A ruling last week by the German Constitutional Court in favour of ecological NGOs has major significance—and not just for Germany.
Last Thursday, the German Constitutional Court released a groundbreaking verdict on climate change, freedom and human rights. Following the first of four adjudicated lawsuits (represented by the two authors), the court understands climate change as a twofold freedom challenge: climate change itself and climate policy can become highly relevant for human rights to freedom. And freedom rights are something to which future generations and people worldwide—not only in Germany—are entitled.
Legislators must therefore organise the path to zero emissions—which the court sees as required under constitutional and international law—in a way that is as forward-looking and freedom-friendly as possible. In doing so, each generation must do its fair share if there is to be a timely shift to zero fossil fuels—in sectors such as electricity, buildings, transport, cement, plastics and agriculture—and to greatly-reduced animal husbandry. In any event, following the ruling the Paris-agreement goal of keeping global heating within 1.5C above preindustrial times is on the way to becoming a constitutionally binding norm.
The Federal Constitutional Court made it clear that legislators must not allow the entire remaining budget for greenhouse-gas emissions, as calculated by the Intergovernmental Panel on Climate Change (IPCC), to be used up in the next few years as the German government planned more or less to do. Formally, the government has been obliged by the court to define the emissions-reduction targets for the period after 2030 more precisely.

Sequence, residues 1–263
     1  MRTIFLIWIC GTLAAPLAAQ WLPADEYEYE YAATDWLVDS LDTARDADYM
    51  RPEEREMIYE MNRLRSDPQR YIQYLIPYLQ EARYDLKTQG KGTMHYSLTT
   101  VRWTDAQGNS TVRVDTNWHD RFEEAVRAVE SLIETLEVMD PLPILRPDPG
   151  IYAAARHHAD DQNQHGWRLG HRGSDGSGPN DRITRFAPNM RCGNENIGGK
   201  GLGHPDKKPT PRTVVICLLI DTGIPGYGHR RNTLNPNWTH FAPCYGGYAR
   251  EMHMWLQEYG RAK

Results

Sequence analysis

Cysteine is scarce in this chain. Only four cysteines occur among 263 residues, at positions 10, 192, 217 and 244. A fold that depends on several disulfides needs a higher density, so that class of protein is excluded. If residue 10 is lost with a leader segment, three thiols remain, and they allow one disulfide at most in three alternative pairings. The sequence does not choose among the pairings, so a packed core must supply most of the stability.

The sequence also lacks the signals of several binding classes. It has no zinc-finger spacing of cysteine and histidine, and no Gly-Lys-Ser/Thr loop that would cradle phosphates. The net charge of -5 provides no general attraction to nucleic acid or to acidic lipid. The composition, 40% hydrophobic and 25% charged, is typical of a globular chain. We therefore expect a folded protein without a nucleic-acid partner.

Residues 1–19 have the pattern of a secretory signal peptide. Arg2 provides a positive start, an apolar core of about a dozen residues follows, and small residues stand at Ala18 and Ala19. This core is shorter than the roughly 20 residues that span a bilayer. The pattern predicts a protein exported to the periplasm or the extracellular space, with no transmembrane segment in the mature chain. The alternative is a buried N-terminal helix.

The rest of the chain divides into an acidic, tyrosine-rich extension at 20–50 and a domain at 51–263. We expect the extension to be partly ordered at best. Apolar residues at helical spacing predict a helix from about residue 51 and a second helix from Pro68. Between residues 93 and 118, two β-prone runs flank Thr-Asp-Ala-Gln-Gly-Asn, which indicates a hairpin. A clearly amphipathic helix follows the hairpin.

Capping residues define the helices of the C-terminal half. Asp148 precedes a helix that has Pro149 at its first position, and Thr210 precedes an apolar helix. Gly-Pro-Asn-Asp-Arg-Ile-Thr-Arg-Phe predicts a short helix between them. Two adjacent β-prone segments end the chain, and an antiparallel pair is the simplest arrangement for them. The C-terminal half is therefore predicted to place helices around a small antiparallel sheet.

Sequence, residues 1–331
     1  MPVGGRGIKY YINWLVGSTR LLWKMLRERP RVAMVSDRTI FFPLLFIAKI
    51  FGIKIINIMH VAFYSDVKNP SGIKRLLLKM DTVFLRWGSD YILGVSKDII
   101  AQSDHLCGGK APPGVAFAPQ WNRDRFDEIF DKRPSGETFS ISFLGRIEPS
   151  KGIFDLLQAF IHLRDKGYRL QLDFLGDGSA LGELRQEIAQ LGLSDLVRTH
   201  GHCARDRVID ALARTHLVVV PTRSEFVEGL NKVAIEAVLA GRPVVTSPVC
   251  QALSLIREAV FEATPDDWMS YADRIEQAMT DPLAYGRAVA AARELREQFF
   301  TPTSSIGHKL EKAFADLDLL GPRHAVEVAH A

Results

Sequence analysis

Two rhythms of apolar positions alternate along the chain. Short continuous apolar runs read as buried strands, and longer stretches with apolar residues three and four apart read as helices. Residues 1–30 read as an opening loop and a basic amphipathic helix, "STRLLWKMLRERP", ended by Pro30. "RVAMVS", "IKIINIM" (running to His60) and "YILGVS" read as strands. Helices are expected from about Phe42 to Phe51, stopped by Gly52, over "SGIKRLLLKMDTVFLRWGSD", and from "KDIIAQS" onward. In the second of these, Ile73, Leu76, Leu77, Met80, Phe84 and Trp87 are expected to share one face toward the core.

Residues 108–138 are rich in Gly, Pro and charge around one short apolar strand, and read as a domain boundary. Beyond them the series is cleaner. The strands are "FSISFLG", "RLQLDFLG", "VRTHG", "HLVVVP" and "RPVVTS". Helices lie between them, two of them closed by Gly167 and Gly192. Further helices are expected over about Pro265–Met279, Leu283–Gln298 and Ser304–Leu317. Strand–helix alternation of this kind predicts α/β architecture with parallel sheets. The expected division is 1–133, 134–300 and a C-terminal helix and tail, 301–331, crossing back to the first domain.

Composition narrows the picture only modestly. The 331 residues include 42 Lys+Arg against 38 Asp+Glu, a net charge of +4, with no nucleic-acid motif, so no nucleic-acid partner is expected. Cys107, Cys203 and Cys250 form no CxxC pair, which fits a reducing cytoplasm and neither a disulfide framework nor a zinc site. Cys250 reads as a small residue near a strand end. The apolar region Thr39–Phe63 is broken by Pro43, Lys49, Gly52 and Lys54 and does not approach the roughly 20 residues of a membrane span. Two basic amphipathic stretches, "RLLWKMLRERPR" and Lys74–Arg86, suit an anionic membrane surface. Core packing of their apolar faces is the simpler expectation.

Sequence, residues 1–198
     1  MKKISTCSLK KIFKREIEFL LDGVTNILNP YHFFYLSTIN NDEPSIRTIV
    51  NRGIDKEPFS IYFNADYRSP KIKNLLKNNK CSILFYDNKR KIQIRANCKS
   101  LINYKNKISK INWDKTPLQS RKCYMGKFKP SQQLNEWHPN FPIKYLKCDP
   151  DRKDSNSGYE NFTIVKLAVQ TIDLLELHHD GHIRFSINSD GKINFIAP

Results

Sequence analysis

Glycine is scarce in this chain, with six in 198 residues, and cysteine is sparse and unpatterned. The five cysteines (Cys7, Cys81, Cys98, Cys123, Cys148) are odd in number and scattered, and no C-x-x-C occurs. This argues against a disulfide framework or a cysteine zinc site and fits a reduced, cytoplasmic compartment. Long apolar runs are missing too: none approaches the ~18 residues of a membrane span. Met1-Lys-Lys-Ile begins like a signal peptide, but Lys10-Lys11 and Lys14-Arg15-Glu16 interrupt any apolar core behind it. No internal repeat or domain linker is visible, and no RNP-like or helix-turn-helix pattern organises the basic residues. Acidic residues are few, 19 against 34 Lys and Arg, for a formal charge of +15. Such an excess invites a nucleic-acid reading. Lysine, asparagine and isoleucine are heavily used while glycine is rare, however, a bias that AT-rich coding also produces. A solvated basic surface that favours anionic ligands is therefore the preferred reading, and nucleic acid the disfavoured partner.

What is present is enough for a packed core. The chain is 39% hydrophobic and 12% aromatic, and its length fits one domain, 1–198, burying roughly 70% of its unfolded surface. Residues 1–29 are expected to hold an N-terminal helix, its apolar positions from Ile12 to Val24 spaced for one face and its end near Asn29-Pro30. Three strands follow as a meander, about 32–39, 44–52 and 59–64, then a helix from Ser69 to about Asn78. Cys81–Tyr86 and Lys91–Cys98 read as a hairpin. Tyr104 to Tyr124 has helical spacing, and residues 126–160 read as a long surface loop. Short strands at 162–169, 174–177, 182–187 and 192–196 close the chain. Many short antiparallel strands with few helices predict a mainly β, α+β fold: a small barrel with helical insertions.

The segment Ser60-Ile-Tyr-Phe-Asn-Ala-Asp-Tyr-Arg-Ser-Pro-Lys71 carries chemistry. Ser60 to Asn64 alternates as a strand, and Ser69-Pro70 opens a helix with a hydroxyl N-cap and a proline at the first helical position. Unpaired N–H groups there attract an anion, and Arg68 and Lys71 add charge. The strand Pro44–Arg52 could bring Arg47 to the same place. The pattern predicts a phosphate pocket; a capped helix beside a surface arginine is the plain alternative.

In fact, however, it will have to scrutinise its entire climate policy—not just the Climate Action Law—because otherwise Germany’s entire budget will be used up in the next few years. The federal government has always concealed the fact that its climate-protection efforts are incompatible with the German emissions budget, no matter how that is calculated.
We did not even choose a very explicit budget approach in the first of the four adjudicated lawsuits, submitted by the Solar Energy Support Association (SFV), Friends of the Earth Germany (BUND) and individual plaintiffs, which got the whole thing rolling. We did not calculate an exact budget. We even pointed out in our complaint that the IPCC’s budget indication might still be too large.
This is due not only to natural-scientific facts, regarding for instance climate sensitivity, but also legal arguments: the basis of the IPCC budget is that remaining within the 1.5C ceiling is required only with a probability of 50-67 per cent. Giving the binding status of the Paris target, this is highly unconvincing. Consequently, zero emissions are required well before 2040, never mind 2050.
Of course, there is criticism of the emissions-budget approach of the IPCC which the court used in its reasoning—as well as of the belief that the next generation in particular will be burdened more than the current one, because climate protection is possibly becoming cheaper and easier. The latter has been the position of the United States government since the presidency of George W Bush—at least up to January 2021. But it is not that simple. Above all, the effects of climate change are enormously expensive in economic terms and have a devastating social effect distributionally.